What’s in a Name?

“Reader” By h.koppdelaney, via Flickr

“Reader” By h.koppdelaney, via Flickr

Nameless here for evermore.” – The Raven, Edgar Allan Poe

Recently I got married, and in the moments when I wasn’t deciding where my grandmother would sit during the ceremony, or trying to remember if I ate lunch that day, a quandary of many female writers weighed on my mind–once married, should I publish using my married name?

Many writers or dispensers of writing advice will tell you NOT to publish under your married name because, frankly, statistics are not in your favor. You could become Mrs. Fabulous-Last-Name (hyphenated, of course) only to find yourself divorced within five to ten years with that pesky pen name following you from book cover to book cover as a reminder of your ex.

Others will tell you not to take your partner’s name, particularly if they will be publishing too.  I always thought this argument was a little backwards. I’m sure Tabitha King has had some success because of her famous husband. And the Brownings literary success seemed mutually beneficial too. Shouldn’t having the same name as your famous partner help to boost your own success?

Before deciding whether or not to take my partner’s name, let’s take a look at the name I have: Ashley Johnson.

Do you know how many Ashley Johnson’s there are in the world? I was even a member of a Facebook group dedicated to the name that has thousands of members (which has since mysteriously disappeared from my profile).

Do you remember Chrissy form the TV Show Growing Pains? That actress is named Ashley Johnson.

Not only was “Ashley” the most popular girls’ name in 1991 and 1992, the surname “Johnson” is downright boring. For that matter it’s not even mine. My Irish ancestors used the name to come to America at least a century ago. I could be an O’Malley or a Kelly for all I know.

If you need another reason, I had a nightmarish nickname: Big Johnson.

Some of my fellow writers suggested I abandon my entire name and take on a new identity, complete with vague ethnic origins, a signature handshake, and subtle adjustments to my gait. The name they concocted for me was good. Too good, in fact, to share, in case I decide to use it to write erotica or science fiction.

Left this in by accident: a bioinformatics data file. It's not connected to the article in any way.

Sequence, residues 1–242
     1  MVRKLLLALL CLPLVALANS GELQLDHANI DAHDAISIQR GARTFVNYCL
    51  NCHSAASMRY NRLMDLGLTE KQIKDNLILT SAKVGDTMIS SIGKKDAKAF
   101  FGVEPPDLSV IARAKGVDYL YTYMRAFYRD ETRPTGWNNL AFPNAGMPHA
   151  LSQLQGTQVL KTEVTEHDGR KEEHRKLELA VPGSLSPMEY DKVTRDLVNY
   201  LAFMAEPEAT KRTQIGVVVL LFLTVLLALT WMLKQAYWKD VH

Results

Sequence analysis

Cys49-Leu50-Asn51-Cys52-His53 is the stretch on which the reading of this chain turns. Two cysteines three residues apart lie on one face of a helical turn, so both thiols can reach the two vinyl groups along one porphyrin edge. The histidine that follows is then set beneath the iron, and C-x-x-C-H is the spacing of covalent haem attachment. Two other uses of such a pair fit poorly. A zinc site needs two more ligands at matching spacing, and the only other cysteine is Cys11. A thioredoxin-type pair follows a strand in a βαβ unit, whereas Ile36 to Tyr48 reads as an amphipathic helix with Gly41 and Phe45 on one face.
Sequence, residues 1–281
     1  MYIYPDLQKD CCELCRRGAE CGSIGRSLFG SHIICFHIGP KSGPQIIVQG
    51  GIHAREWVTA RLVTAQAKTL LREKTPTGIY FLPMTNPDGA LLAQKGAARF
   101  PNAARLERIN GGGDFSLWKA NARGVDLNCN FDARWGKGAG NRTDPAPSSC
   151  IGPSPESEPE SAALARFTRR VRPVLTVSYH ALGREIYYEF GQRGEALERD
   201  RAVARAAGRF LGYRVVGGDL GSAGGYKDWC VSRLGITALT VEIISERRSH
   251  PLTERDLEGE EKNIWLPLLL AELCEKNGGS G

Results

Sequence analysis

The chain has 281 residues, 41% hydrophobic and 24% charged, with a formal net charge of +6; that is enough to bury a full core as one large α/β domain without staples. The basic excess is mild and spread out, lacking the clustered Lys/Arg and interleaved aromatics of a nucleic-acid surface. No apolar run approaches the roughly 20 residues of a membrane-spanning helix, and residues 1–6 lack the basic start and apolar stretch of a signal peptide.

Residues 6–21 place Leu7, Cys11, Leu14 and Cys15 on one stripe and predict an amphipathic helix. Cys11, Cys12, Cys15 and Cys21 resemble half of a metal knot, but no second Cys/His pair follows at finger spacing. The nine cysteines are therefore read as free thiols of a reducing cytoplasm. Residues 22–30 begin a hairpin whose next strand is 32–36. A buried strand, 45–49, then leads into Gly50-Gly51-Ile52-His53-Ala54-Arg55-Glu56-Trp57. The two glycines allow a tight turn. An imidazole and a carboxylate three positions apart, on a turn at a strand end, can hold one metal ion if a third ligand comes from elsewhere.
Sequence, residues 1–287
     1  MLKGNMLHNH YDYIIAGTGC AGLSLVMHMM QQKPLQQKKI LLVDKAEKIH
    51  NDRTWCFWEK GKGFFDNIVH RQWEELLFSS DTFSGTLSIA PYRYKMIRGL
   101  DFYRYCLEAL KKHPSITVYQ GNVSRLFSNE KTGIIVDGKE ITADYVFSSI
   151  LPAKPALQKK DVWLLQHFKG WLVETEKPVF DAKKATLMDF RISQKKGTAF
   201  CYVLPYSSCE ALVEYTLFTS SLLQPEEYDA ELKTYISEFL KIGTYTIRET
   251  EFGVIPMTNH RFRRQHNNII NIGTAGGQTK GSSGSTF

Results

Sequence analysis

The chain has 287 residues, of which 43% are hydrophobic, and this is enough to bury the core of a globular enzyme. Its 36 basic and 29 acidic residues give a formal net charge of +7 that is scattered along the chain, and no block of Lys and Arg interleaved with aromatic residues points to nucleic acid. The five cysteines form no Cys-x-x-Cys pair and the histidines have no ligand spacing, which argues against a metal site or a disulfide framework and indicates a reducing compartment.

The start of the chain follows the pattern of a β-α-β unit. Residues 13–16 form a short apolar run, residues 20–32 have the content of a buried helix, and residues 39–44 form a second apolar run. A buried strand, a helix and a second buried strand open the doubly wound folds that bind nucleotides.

These reasons aside, I’ve chosen to take my partner’s name (albeit selfishly) because I like it better than mine. To me it sounds literary. It sounds like the person I want to be.

And, I figure it can’t hurt throwing my middle initial in there. It worked for J. K. Rowling.

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Stonecoast’s Faculty Blog’s Literary Moments of 2012

ashleykwarren:

Here’s  a post I wrote for my other blogging gig, check it out.

Originally posted on Stonecoast Faculty Blog:

“2012” by hellojenuine courtesy of Flickr

“2012” by hellojenuine courtesy of Flickr

It’s that time of year when the world makes lists: best-of, top-this, best-that. In the tradition of fostering reflection, the Stonecoast Faculty Blog has come up with our own end-of-year list, our Literary Moments of 2012 (in no particular order). Have some literary moments of your own? We’d love to read them—just leave them in the comments below.

No Pulitzer Awarded for Fiction

Pencils dropped last April when the Pulitzer judges did not award a prize for fiction. The Pulitzer judges have withheld an award for fiction 11 times, the last time being in 1977. Three finalists were identified for the 2012 prize: Train Dreams by Denis Johnson, Swamplandia! by Karen Russell, and The Pale King by David Foster Wallace.”The three books were fully considered, but in the end, none mustered the mandatory majority for granting a prize, so no prize was awarded,”…

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Who Needs Macy’s?

One of the many joys of moving back to Montana is the opportunity to observe the quaint traditions of the community where I live, namely, the Annual Holiday Parade. Granted, there were no balloons or Businessmen of Whimsy, but as you will see, a Western Holiday Parade is fraught with entertainment value.

Top 6 Things You’ll See in a Western Parade